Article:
Eleanor Torres, Co-Executive Director of Incredible Edible Community Garden says she left the environmental arena in 2003 after becoming disillusioned. She returned in 2013 and while she was happy to see some “new blood” in the movement, she says there’s still work to be done.

“It hasn’t changed much. There has to be a huge shift in understanding,” she continued. “In urban forestry, you’re going to have to deal with people of color.”

Torres, who is Latina and Native American, entered the field in 1993 and has had her share of being the “first” or “only” person of color in a leadership position. She says issues of racism, sexism and classism still need to be addressed before real change can be accomplished.


A TreePeople board meeting hosts representatives from a range of communities.

Dymally has been a member of TreePeople’s Board for eight years. A civil engineer, his day job is as a Senior Environmental Specialist for the Metropolitan Water District of Southern California (MWD). He says he’s only come across a few people of color in higher leadership roles.

“There are some, but not a lot,” he shared.

Dymally joined TreePeople at the request of the Board’s only other member of color, who is Hispanic. He was urged to become more active and involved, largely because there weren’t many people of color represented. That “each one, reach one” mentality, Dymally said, is encouraged by the organization’s Founder and President Andy Lipkis, who is white.

Dymally said he’d like to see policymakers and lawmakers similarly embrace efforts to increase diversity.

“They can set the tone and bring energy to this struggle.”


Dymally is the nephew of the former California Lt. Gov. Mervyn Dymally, the first and only Black person to serve in that capacity. The younger Dymally points to his late uncle’s past success in getting minorities represented on statewide Water Boards.

“I would certainly like to see the President, or someone of his profile, maybe the First Lady, get behind this effort,” Dymally shared.

First Lady Michelle Obama, he added, has been a champion for nutrition and garden creation and can do the same for promoting the need for bringing different people and viewpoints to the proverbial environmental table.

The “State of Diversity in Environmental Organizations” report argues that the issue requires “priority attention” and makes recommendations for “aggressive efforts” in three areas– tracking and transparency, accountability, and resources.

“Diversity statements without a plan and rigorous data collection are just words on paper,” reads the 187-page document.

“Organizations and associations should institute annual diversity and inclusion assessments. Disclosure should facilitate sharing of strategies for addressing unconscious bias and overhauling recruiting beyond the green insiders’ club,” it continues.

The report also suggests that foundations, NGOs and government agencies integrate diversity goals into performance evaluations and grant making criteria, that increased resources be allocated for diversity initiatives to work, and that sustainable funding be provided for networking to reduce isolation and support existing leaders of color.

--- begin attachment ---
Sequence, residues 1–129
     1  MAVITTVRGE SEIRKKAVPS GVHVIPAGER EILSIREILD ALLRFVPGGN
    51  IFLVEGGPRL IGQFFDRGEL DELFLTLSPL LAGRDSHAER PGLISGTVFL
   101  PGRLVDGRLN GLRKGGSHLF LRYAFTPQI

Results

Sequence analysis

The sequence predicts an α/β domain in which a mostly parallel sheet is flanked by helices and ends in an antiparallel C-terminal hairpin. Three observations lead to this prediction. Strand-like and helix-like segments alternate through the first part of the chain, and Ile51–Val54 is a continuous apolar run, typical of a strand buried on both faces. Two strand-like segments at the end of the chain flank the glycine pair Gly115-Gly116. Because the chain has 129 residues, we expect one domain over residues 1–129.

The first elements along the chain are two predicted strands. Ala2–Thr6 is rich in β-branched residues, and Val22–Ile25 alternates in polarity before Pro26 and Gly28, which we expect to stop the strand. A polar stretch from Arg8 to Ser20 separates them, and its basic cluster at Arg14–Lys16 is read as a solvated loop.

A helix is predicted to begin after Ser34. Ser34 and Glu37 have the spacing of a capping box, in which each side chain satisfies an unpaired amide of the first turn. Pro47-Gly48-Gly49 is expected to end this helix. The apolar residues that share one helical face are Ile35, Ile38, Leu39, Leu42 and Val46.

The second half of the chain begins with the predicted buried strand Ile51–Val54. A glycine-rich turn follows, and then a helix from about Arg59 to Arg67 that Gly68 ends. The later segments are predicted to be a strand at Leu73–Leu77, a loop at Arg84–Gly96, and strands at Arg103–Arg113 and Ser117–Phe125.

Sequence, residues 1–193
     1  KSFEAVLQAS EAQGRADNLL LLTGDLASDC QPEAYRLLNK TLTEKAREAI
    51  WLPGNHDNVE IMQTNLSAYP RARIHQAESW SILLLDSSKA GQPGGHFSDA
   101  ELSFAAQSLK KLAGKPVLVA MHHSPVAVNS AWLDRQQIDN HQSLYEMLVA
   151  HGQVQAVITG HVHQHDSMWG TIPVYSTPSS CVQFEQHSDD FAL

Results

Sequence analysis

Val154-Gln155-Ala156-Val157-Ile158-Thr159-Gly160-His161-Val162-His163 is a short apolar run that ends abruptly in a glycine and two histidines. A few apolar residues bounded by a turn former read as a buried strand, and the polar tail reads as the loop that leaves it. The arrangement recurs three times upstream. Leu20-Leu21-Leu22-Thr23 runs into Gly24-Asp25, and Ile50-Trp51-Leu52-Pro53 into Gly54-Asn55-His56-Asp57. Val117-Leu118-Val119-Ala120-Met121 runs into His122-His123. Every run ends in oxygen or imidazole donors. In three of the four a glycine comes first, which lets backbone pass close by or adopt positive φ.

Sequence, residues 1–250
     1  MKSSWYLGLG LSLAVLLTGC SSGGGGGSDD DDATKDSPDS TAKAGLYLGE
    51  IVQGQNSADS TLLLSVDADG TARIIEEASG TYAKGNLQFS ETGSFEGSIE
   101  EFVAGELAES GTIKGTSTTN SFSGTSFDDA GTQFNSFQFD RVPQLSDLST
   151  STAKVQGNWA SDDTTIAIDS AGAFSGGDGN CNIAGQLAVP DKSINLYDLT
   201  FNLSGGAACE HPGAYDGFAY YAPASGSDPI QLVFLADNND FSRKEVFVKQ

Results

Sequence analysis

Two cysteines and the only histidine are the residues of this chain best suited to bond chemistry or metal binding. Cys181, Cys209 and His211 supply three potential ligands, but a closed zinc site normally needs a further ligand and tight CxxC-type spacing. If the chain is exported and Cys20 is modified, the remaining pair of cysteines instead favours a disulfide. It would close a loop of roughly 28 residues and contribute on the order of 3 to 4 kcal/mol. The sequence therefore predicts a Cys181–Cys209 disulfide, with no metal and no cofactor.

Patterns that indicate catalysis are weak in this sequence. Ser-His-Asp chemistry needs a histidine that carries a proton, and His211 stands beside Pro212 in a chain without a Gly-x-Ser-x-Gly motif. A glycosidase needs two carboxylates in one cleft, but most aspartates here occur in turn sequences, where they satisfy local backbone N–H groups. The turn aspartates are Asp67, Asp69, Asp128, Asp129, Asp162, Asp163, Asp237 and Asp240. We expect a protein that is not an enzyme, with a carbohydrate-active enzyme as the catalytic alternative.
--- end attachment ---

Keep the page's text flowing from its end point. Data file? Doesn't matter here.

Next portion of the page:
“You need to have everyone’s voice at the table, so you can fully understand the needs each community has.”

“I’m not sure what can be done that would immediately bring minorities into more leadership roles, but bringing more awareness and education to local youth, helping to inspire the next generation of leaders, would be a good first step,” Allen said.

“It has to start at the school level,” Dymally said, echoing the sentiment and pointing to TreePeople’s outreach efforts.

The organization’s environmental education programs encourage elementary and secondary school students and teachers in the Los Angeles area to “dig in,” learn the benefits of growing the urban forest, and become lifelong caretakers of the environment.

“In 10, 15, 20 years, we’ll see some of those young people cycle through (the organization and the movement),” Dymally said.


Dymally says the lack of diversity may be explained, in part, because there simply aren’t a lot of people of color in the environmental arena to begin with.

“It might just reflect the numbers involved,” he said.

It has been said that when young minorities see professionals “who look like them” in a particular field, the more likely they are to want to be that “when they grow up.” Seeing African American doctors can inspire African American children to think about medical school. Having prominent Latino lawyers in the community can motivate Latino youth to attend law school or pursue other legal professions. Exposure and access are key, Dymally shared.

Dymally says many people of color, African-Americans in particular, may not view the environmental arena as an attractive or lucrative career choice.

The environmental field is a “calling” for many, he says, and as such, it’s just as important that the people of color taking on leadership roles be “people of passion,” who will help bring resources to more people and drive California’s urban forest movement into the future.

Genoa Barrow is a freelance journalist based in Sacramento. Locally, her byline has appeared in the Sacramento Observer, The Scout, and Parent’s Monthly magazine.